hairy cell


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hairy cell

(hâr′ē)
n.
A white blood cell having multiple surface projections and characteristically present in hairy cell leukemia.
Haematology A round or ovoid, 12–20-µm peripheral blood cell characterised by filamentous projections that are fine/hairy by phase contrast and electron microscopy, but thick or smudged and irregular by light microscopy; hairy cells are monotonously uniform in appearance; the nucleus is ovoid and may be indented, and usually central, but may be eccentric with 1+ nucleoli; the chromatin is fine or slightly coarse; the moderate amount of cytoplasm stains pale blue; N:C ratio is 4:1 to 2:1

hair·y cell

(hār'ē sel)
Medium-sized leukocytes that have features of reticuloendothelial cells and multiple cytoplasmic projections (hairs) on the cell surface, but may be a variety of B lymphocyte; found in hairy cell leukemia.
References in periodicals archive ?
Pyrosequencing of BRAF V600E in routine samples of hairy cell leukaemia identifies CD5+ variant hairy cell leukaemia that lacks V600E.
of Cases (%) Cryptosporidial diarrhea(C parvum) 4(4) Cryptococcal meningitis 15(14) Tuberculosis: (i) Extrapulmonary 16(15) (ii) Pulmonary 24(23) Pneumocystis carinii pneumonia(PCP) 3(3) Cerebral toxoplasmosis 5(5) Penicillium marneffei 5(5) Herpes zoster 14(14) Viral meningitis 2(2) Oral candidiasis 22(21) Hepatitis B virus 11(11) Hepatitis C virus 24(23) Cytomegalovirus infection (CMV) 2(2) Kaposis's sarcoma 1(1) Hairy cell leukoplakia 1(1) Table 5: Distribution of HIV seropositive cases with respect to associated diseases Associated Diseases No.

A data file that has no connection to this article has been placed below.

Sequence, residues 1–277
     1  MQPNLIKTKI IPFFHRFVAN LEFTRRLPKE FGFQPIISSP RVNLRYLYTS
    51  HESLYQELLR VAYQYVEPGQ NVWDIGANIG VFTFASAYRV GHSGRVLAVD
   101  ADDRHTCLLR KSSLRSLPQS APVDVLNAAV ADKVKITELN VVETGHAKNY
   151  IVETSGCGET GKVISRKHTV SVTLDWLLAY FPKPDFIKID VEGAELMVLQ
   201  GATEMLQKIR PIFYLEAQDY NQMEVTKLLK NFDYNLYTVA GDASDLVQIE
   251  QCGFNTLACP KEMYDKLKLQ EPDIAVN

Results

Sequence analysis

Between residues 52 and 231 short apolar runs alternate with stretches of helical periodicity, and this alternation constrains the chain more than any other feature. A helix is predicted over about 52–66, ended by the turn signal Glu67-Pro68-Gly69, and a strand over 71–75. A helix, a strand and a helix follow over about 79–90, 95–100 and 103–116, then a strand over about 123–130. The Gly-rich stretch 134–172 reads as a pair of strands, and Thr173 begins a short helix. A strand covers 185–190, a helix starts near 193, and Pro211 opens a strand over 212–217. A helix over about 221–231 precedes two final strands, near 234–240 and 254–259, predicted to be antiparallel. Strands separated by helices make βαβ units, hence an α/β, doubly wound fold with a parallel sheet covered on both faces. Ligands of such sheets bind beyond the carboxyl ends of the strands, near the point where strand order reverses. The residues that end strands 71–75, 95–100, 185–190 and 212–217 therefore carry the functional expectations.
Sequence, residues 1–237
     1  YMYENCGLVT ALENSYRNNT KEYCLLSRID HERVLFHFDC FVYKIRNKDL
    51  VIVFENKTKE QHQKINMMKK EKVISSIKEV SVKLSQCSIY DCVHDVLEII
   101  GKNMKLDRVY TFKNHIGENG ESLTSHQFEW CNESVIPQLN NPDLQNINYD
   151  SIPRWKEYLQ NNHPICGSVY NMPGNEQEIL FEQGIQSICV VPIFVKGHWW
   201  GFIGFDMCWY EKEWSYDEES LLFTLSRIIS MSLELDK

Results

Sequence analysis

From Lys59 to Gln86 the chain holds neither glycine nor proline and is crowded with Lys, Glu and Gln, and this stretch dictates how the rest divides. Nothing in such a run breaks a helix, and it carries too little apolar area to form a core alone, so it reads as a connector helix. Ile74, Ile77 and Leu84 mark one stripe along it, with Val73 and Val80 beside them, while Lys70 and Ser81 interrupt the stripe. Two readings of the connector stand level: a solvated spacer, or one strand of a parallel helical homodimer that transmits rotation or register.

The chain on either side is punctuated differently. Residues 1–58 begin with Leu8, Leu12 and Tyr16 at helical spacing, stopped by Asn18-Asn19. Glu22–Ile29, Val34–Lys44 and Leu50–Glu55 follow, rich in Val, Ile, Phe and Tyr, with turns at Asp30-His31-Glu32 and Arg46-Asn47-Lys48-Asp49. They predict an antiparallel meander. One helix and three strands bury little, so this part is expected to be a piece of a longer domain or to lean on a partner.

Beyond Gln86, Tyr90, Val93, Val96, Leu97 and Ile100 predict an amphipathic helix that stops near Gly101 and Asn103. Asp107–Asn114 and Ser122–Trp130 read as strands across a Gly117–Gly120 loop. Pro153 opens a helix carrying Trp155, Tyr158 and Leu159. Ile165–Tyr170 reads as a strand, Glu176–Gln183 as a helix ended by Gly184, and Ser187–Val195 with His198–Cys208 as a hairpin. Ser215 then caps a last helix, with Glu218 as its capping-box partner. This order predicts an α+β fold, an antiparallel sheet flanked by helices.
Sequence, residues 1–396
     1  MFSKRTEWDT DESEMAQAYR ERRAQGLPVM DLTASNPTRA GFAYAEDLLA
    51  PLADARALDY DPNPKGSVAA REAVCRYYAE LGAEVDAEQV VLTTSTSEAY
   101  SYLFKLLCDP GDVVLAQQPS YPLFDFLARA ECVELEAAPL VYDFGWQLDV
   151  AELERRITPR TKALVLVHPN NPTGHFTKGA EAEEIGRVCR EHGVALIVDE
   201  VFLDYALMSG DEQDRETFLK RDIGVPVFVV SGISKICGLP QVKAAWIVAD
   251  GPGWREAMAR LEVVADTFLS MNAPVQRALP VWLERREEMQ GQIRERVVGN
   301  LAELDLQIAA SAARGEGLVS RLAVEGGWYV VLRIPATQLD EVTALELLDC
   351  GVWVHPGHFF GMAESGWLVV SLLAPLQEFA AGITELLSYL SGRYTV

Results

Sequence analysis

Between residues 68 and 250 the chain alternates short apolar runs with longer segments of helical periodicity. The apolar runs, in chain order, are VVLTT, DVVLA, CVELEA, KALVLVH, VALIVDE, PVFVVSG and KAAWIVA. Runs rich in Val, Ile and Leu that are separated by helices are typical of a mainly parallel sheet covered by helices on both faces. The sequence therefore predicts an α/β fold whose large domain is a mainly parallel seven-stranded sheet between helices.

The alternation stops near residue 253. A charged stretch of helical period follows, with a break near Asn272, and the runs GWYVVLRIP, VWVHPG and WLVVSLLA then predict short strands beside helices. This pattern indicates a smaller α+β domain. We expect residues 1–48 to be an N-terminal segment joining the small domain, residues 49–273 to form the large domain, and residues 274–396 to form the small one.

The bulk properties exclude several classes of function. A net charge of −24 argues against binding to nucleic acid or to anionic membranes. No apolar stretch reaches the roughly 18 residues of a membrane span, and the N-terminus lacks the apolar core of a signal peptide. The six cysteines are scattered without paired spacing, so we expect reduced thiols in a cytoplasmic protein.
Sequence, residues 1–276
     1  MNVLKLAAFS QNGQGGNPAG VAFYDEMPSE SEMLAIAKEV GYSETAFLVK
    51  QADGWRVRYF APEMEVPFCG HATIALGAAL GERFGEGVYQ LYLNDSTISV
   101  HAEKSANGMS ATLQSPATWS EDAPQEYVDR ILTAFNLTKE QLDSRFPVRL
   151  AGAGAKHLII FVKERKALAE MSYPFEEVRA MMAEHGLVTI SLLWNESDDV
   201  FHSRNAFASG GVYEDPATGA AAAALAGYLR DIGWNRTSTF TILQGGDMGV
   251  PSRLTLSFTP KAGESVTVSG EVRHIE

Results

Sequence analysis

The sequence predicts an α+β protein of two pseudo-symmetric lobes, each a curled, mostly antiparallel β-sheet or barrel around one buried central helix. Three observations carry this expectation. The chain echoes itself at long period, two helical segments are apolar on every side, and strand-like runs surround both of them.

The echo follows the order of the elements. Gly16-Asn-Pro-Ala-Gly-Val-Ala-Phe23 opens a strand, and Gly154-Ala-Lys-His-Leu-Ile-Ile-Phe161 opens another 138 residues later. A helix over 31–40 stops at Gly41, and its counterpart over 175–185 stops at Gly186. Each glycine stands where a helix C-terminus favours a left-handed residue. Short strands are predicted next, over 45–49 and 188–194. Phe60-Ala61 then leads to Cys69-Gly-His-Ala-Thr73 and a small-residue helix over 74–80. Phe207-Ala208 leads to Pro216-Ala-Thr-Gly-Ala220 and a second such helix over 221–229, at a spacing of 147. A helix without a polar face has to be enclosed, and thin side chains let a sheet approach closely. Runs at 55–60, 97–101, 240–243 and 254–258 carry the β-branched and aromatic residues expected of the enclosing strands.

Hairy cell leukemia expresses bright pan-B-cell antigens and, uniquely among B-cell neoplasms, strongly expresses CD11c, CD25, CD103, CD123, and annexin A1 typical ly.
One of 4 LPL/WM cases (25%) and 1 of 3 hairy cell leukemia cases (33%) showed a heterogeneous positive pattern, whereas the remaining cases showed a homogeneous negative pattern (Table 1).
Topics that will be discussed include B-cell small lymphocytic lymphoma/leukemia, lymphoplasmacytic lymphoma, extranodal marginal zone (MALT) lymphoma, follicular lymphoma, mantle cell lymphoma (MCL), hairy cell leukemia, plasmacytoma, and small T-cell proliferations.
Although a number of B-cell lymphoproliferative processes (either primary splenic or secondary involvement) were considered in the differential diagnosis, including chronic lymphocytic leukemia/small lymphocytic lymphoma, mantle cell lymphoma, lymphoplasmacytoid lymphoma (immunocytoma), follicular lymphoma, extranodal marginal zone lymphoma, and hairy cell leukemia, the histologic findings as well as immunophenotypic analysis were felt to be most in keeping with a splenic marginal zone B-cell lymphoma.
Splenic lymphoma with villous lymphocytes (SLVL) and hairy cell leukemia (HCL) are similar-appearing B-cell neoplasms with cytoplasmic projections.